‘Investors are buying bonds for capital appreciation and stocks for income. The world has turned upside down… It is a poison brew that central banks keep serving us.’
— James Abate, Chief Investment Officer at Centre Asset Management LLC
‘Fears mount for pensions as gilt yields touch negative territory’
— Financial Times, 11 August 2016
‘Royal Mail set to close door on ‘gold-plated’ pension plan — Record-low interest rates add to fears’
— Financial Times, 11 August 2016
In the blind pursuit of making debt cheaper to keep the debt-dependent economic growth model in motion, central banks appear to have forgotten Merton’s Law of unintended consequences.
Actions always have reactions.
With negative interest rates, governments, and some high quality corporates, are now being paid to borrow money. This is plain dumb. But that’s the upside-down world we currently inhabit.
I say ‘currently’, as it defies logic to think negative rates are a lasting phenomenon.
Best guess is that it’s going to be one of those periods economic historians will file away under ‘insanity’, ‘desperation’ or ‘what the hell were they thinking back then?’
While some say economic pundits believe negative rates can become a permanent fixture, the logic fails the ‘smell test’.
According to a September 2015 IMF paper titled ‘A Strategy for Resolving Europe’s Problem Loans’:
‘European banks face significant challenges from their high levels of impaired assets. The global financial crisis and subsequent recession have left many countries with elevated levels of nonperforming loans (NPLs). NPLs in the European Union (EU) stood at about €1 trillion (or over 9 percent of the region’s GDP) at end-2014, more than double the level in 2009.’
Given the plight of Italian banks, it’s not a stretch to think the amount of non-performing loans in Europe could be even higher these days.
This is the definition from Investopedia of a non-performing loan:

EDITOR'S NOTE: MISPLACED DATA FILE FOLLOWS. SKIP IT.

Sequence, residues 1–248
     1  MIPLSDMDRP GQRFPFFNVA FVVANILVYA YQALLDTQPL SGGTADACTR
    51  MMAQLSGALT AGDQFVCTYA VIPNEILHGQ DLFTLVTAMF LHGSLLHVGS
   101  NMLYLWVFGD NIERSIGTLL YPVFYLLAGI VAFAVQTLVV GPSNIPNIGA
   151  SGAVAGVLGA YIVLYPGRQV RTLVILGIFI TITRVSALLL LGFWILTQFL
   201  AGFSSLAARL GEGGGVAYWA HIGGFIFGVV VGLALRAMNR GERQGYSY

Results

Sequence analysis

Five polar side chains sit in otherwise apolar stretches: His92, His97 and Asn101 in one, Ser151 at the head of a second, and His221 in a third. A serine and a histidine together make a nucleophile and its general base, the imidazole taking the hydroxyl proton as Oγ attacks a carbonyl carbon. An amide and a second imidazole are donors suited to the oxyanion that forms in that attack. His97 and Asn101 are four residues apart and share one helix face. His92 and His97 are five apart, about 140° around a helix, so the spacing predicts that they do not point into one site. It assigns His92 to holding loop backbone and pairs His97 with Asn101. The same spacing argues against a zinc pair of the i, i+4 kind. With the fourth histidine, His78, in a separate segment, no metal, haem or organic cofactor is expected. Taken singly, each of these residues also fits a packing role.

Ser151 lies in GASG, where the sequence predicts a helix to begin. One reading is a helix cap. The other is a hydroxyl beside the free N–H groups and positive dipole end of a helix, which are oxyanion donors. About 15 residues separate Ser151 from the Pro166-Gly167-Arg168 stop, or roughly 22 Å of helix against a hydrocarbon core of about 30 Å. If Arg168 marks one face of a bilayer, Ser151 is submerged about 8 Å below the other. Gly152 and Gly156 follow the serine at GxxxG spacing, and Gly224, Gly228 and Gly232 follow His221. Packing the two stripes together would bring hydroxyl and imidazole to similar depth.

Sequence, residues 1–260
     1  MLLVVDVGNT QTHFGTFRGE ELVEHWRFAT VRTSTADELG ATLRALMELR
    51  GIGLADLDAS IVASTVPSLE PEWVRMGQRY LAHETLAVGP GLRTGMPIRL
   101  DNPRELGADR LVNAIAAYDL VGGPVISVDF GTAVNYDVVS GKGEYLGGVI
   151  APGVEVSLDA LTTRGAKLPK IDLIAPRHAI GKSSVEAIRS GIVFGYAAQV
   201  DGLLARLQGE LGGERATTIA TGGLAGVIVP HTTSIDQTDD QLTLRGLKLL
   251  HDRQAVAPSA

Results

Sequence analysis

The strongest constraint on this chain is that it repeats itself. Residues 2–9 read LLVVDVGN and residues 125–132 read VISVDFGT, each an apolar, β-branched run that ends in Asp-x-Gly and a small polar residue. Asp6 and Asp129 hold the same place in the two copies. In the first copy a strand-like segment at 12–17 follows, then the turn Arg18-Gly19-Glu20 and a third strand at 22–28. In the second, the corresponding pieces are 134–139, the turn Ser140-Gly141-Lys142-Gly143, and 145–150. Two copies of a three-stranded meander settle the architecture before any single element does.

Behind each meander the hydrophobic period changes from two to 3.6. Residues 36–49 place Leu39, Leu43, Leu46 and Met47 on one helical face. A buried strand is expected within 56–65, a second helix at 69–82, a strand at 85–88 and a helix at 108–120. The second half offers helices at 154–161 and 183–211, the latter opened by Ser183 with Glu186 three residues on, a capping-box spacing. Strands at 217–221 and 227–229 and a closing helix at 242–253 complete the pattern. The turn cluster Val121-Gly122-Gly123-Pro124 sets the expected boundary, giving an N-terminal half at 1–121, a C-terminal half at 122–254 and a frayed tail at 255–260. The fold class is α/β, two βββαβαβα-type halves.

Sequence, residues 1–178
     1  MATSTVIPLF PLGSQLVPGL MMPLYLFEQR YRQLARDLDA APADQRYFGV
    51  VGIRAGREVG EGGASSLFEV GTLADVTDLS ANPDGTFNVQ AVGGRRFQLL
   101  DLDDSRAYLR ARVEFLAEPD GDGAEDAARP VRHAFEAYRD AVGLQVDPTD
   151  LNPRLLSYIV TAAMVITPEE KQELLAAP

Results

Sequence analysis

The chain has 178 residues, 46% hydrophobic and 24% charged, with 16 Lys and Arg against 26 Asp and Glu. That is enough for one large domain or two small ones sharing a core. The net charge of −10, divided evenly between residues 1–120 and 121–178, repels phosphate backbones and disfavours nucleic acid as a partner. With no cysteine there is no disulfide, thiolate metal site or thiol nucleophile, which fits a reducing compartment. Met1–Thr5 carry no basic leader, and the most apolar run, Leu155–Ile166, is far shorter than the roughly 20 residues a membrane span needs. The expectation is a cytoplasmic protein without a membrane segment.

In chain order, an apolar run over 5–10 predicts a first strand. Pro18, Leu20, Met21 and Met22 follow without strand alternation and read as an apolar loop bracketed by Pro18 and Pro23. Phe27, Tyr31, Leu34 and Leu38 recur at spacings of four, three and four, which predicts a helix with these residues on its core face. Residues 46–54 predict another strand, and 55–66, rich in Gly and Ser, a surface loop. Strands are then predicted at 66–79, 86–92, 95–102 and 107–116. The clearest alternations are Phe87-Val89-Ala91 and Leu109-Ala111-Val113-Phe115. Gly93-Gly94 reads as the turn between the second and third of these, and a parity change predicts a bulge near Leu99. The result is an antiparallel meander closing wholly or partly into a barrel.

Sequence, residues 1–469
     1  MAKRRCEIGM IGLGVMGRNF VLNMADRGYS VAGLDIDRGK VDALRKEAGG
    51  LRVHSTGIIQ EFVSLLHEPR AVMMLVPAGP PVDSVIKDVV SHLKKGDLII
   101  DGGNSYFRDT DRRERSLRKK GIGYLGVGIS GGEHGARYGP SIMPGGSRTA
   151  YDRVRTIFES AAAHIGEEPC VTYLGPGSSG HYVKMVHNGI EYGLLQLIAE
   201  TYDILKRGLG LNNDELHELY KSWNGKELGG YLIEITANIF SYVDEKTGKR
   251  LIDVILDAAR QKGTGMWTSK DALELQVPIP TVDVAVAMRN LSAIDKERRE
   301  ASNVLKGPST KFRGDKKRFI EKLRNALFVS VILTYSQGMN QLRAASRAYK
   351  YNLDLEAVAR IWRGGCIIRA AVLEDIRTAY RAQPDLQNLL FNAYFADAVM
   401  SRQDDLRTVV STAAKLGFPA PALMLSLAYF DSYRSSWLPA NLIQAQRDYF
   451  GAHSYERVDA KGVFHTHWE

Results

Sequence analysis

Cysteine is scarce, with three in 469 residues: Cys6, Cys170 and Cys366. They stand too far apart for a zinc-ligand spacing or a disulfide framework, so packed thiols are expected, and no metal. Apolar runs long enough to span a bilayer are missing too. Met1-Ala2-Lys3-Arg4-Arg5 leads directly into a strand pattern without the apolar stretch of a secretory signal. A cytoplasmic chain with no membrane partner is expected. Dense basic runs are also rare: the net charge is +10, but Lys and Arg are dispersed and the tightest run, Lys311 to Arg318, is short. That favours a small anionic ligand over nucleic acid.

‘A non-performing loan (NPL) is the sum of borrowed money upon which the debtor has not made their scheduled payments for at least 90 days. A non-performing loan is either in default or close to being in default.’
In the old days, we called these ‘bad debts’.
But in this upside-down world, calling things as they are is a definite no-no.
Why have non-performing loans doubled since 2009 (especially when interest rates — the cost of money — have been falling)?
Sorry, I can’t call it as it is. The official spin goes something along the lines of ‘sluggish growth’.
To put €1 trillion into perspective, it is roughly $1.5 trillion…which is pretty much the size of the Australian economy.
How did all these loans become non-performing?
Download your free report now and discover why this controversial economist says Australian interest rates could be parked near zero for the next 100 years and how you can profit.
PLUS you’ll get Markets and Money every weekday… absolutely free.
Simply enter your email address below and click the ‘Claim My Free Report’ button now.
You can cancel your subscription at any time.
Underlying economic activity did not produce sufficient revenues to fulfil loan obligations. You lose your job, or have your income reduced, or your business turnover slumps (deflates)…then you go to your bank and tell the [him/her/transgender/cross-dresser] bank manager ‘you’re up s**t creek without a paddle.’
90 days later, you are a non-performing loan statistics. Welcome to the club.
The bank is in a bind. Recovering its money is not that easy. The security offered is worth far less than the loan. Not only that, but if all banks started selling the assets behind the distressed loans, asset prices would be driven even lower. So the non-performing loans sit on the books…waiting.
Waiting for what? Economic growth. When the elusive growth does eventually appear, it’ll pick up revenues — incomes rise, profits increase, outstanding loan commitments can be repaid. The ‘non’ can be dropped, and performing loans become the order of the day.